Austin Bibens-Dirkx (’06): 6 games, 5 starts, 1-3, 4.43ERA, 22.1IP, 4BB, 20K
Cangrejeros de Santurce (15-17, 4th):
Omar Garcia (’14): 11 games, .091/.167/.091, 0HR, 0RBI
Yadiel Rivera (’12): 30 games, .224/.300/.367, 2HR, 17RBI
Joel Pineiro (’98): 9 games, 9 starts, 1-4, 4.89ERA, 49.2IP, 9BB, 28K
Criollos de Caguas (21-12, 1st):
Efrain Nieves (’10): 7 games, 6 starts, 2-1, 4.02ERA, 31.1IP, 11BB, 13K
Gigantes de Carolina (17-16, 3rd):
Jeff Dominguez (’06): 33 games, .205/.272/.286, 2HR, 9RBI
JC Ramirez (’08): 12 games, 0-1, 2.93ERA, 14.2IP, 3BB, 12K
Indios de Mayaguez (19-15, 2nd):
Martin Maldonado (’09): 9 games, .143/.286/.179, 0HR, 2RBI
Hiram Burgos (’10): 2 games, 2 starts, 0-1, 3.65ERA, 5.0IP, BB, 6K
Jorge Lopez (’13): 6 games, 6 starts, 1-1, 1.73ERA, 26.0IP, 8BB, 25K
Senadores de San Juan (10-22, 5th):
Joe Dunigan (’08): 9 games, .242/.278/..667; 4HR, 9RBI
Rene Rivera (’03): 16 games, .262/.318/.410, HR, 5RBI
Aguilas del Zulia (34-25, 2nd):
Eric Marzec (’11): 9 games, 7 starts, 2-1, 2.68ERA, 37.0IP, 3BB, 24K
Bravos de Margarita (22-36, 8th):
Tyler Cravy (’12): 6 games, 6 starts, 0-4, 5.04ERA, 25.0IP, 6BB, 20K
Greg Holle (’11): 15 games, 0-2, 1 Save, 4.91ERA, 11.0IP, 7BB,2K
Cardenales de Lara (27-34, 7th):
Luis Valbuena (’06): 17 games, .230/.299/.492, 4HR, 12RBI
Jose Escalona (’08): 5 games, 0-0, 8.44ERA, 5.1IP, 3BB, 4K
Cesar Jimenez (’03): 16 games, 9 starts, 3-5, 3.83ERA, 47.0IP, 12BB, 44K
Caribes de Anzoategui (36-23, 1st):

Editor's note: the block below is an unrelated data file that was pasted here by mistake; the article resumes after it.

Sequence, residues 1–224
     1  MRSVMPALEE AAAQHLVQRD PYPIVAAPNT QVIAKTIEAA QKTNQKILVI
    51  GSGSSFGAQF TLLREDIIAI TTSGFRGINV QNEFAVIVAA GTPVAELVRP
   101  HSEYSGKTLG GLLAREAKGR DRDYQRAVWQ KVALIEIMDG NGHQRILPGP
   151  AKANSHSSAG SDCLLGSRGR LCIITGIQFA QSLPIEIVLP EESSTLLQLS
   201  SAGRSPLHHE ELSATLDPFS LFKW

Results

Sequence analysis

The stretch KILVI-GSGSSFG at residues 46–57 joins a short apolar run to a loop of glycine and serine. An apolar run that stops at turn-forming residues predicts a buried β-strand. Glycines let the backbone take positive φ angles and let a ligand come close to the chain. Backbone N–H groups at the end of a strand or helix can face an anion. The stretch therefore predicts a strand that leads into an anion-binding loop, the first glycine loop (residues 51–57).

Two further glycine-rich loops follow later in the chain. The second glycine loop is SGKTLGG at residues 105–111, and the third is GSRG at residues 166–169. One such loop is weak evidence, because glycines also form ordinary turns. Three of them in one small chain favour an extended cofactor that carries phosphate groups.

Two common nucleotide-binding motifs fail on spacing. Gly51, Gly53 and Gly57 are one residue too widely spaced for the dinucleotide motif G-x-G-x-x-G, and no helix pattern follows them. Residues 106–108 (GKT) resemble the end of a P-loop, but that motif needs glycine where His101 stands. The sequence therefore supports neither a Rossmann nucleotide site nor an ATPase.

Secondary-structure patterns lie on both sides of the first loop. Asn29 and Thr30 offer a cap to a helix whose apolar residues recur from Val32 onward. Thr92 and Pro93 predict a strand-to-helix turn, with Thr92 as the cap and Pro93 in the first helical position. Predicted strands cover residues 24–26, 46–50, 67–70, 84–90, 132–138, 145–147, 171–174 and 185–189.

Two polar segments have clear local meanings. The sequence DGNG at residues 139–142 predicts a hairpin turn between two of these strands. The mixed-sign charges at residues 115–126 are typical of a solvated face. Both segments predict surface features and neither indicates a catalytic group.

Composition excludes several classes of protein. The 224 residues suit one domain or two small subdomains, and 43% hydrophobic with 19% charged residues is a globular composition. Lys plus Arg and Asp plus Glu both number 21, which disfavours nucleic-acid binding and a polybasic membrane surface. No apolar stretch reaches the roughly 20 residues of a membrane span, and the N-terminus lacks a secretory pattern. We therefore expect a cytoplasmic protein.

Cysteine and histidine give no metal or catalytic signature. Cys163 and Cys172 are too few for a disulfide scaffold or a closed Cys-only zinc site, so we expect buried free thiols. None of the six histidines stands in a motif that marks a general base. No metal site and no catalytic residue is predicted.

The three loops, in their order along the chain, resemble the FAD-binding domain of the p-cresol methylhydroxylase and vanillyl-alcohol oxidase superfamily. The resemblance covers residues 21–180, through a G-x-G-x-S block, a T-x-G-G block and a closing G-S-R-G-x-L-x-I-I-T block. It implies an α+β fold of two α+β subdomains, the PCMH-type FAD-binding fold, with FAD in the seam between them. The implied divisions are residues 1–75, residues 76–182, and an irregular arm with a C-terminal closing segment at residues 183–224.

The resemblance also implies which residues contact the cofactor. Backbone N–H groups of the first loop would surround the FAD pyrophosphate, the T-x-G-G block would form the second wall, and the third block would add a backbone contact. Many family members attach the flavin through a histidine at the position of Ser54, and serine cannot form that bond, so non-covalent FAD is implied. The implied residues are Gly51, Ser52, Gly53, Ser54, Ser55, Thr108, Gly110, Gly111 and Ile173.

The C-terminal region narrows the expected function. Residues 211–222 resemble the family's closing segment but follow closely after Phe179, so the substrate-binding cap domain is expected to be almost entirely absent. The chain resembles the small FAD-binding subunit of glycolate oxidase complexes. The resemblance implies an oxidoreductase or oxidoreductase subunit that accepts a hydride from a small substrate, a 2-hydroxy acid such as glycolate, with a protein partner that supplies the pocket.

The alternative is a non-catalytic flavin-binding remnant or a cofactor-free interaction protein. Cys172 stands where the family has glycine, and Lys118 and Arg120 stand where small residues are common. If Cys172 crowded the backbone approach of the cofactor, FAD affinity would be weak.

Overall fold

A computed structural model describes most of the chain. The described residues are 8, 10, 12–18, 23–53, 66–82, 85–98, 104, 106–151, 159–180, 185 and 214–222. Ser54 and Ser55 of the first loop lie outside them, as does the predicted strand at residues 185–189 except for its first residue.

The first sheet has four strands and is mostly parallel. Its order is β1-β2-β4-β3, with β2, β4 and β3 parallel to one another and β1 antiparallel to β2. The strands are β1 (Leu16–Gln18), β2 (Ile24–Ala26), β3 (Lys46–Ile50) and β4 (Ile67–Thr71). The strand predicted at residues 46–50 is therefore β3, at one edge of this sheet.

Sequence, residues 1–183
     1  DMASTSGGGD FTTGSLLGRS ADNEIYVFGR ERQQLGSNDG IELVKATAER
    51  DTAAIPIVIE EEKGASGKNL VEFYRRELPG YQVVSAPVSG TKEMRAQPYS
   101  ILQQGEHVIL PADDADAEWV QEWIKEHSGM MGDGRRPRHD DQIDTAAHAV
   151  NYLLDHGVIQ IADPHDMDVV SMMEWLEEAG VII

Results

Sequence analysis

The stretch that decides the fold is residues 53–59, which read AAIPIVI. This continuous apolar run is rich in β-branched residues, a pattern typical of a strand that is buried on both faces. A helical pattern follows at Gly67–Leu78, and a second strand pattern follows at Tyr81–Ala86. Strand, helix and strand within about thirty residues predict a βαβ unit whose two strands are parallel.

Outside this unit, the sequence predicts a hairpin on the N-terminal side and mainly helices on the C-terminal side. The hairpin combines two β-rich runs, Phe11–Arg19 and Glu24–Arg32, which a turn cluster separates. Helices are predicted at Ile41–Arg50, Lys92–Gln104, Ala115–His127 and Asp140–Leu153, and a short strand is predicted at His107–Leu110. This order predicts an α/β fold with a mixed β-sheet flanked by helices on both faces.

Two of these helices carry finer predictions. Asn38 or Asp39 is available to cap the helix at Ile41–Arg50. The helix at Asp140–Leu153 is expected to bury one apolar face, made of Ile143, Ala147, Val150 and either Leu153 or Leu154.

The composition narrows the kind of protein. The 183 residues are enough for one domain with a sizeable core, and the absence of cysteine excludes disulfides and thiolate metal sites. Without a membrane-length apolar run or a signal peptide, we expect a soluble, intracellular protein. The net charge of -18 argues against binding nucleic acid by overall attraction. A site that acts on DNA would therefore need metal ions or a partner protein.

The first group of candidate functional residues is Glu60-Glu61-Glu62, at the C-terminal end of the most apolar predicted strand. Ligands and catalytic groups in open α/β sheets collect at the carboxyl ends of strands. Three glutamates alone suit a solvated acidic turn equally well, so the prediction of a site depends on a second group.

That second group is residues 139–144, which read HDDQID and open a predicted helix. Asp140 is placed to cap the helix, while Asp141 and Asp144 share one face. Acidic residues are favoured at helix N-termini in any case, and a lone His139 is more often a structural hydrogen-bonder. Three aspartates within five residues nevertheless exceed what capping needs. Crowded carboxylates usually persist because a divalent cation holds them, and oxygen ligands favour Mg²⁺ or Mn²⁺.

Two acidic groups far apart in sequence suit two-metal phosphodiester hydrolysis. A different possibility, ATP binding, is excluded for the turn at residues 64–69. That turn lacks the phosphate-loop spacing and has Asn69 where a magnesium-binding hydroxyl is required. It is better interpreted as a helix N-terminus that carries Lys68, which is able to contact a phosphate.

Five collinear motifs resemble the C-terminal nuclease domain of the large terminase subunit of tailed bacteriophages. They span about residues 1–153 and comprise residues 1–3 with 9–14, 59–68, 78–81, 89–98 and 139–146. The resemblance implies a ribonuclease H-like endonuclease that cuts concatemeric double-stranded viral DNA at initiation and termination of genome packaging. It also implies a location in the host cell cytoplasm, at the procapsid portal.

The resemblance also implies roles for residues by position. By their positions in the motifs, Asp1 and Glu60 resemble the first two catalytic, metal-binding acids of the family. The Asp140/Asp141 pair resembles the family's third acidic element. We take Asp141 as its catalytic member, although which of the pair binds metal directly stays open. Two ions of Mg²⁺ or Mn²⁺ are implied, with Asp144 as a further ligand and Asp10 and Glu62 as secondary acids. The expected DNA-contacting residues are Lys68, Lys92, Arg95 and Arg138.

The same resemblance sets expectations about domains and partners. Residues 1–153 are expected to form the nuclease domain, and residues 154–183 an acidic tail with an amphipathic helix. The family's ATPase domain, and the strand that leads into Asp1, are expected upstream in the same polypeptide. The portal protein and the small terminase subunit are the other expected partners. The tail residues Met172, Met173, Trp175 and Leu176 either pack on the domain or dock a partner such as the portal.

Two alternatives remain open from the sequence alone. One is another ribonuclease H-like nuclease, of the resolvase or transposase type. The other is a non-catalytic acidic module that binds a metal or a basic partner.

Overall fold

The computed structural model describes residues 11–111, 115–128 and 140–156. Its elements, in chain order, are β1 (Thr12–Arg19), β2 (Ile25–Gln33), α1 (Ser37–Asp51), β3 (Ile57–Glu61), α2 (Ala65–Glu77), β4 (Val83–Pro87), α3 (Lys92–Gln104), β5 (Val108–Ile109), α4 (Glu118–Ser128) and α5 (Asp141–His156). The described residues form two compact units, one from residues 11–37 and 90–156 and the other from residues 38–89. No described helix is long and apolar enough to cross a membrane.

Orlando Arcia (’13): 53 games, .268/.336/.449, 7HR, 28RBI
Navegantes del Magallanes (30-29, 4th):
Carlos Maldonado (’99): 18 games, .167/.310/.292, 1HR, 7RBI
Tigres de Aragua (32-25, 3rd):
Renee Cortez (’03): 25 games, 3-1, Save, 1.50ERA, 24.0IP, 10BB, 7K
Alumni Birthdays for December 22:
Adam Giacalone (’13) – 23
Ken Reed (’85) – 52
Curt Reed (’82) – 56
Chuck Johnson (’79, ’80) – 56
Timothy McLain (’66) – 68
Emil Kania (’40) – Would have been 98
Alumni Birthdays for December 21:
Khris Davis (’10) – 27
Alex Meneses (’07, ’08) – 31
Enrique Atencio (’93) – 43
Alumni Birthdays for December 20:
Santo Manzanillo (’10, ’12) – 26
Nolan Gallagher (’07) – 29
Michael Atkinson (’70, ’71, ’73) – 63
Grant Dunlap (’42) – Would have been 91
Dunlap passed away in September, 2014. Occidental College, where he was the basketball coach, baseball coach, and athletic director, published this after his death:
A native of Stockton, Dunlap was signed by the Cincinnati Reds at age 17, beginning a pro baseball career that landed him briefly in the majors in 1953 with the St. Louis Cardinals. He served in the U.S. Marine Corps in the South Pacific and China during World War II before enrolling at Oxy in the V-12 program. Dunlap played for the Tigers during the 1944 season at shortstop, batting .464 and being chosen first-team All-Conference.
Dunlap returned to Occidental as a coach and professor in 1954. He coached basketball for 16 years, going 205-156 overall and winning five SCIAC championships. In his 30 years as the Tigers’ baseball coach, his teams posted a 510-316 record and won nine conference championships. He also served as Oxy’s athletic director from 1971 to 1976. He retired in 1984.
Planet of Hats: These are from Saturday, Sunday, and Monday.